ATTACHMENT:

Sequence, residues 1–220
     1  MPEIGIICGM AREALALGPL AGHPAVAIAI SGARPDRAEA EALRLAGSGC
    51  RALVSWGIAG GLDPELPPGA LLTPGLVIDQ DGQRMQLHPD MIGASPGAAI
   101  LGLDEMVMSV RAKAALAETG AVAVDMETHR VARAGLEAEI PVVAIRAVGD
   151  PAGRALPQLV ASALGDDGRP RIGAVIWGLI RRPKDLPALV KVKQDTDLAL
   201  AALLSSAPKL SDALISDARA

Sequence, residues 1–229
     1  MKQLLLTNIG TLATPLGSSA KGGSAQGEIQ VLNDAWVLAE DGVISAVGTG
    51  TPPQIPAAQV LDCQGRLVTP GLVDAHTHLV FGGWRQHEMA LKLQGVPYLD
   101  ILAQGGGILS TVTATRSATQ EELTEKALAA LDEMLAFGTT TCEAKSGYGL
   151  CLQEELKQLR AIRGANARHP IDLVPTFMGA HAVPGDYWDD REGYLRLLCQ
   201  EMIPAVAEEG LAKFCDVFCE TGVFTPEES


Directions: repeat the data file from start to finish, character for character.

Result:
Sequence, residues 1–220
     1  MPEIGIICGM AREALALGPL AGHPAVAIAI SGARPDRAEA EALRLAGSGC
    51  RALVSWGIAG GLDPELPPGA LLTPGLVIDQ DGQRMQLHPD MIGASPGAAI
   101  LGLDEMVMSV RAKAALAETG AVAVDMETHR VARAGLEAEI PVVAIRAVGD
   151  PAGRALPQLV ASALGDDGRP RIGAVIWGLI RRPKDLPALV KVKQDTDLAL
   201  AALLSSAPKL SDALISDARA

Sequence, residues 1–229
     1  MKQLLLTNIG TLATPLGSSA KGGSAQGEIQ VLNDAWVLAE DGVISAVGTG
    51  TPPQIPAAQV LDCQGRLVTP GLVDAHTHLV FGGWRQHEMA LKLQGVPYLD
   101  ILAQGGGILS TVTATRSATQ EELTEKALAA LDEMLAFGTT TCEAKSGYGL
   151  CLQEELKQLR AIRGANARHP IDLVPTFMGA HAVPGDYWDD REGYLRLLCQ
   201  EMIPAVAEEG LAKFCDVFCE TGVFTPEES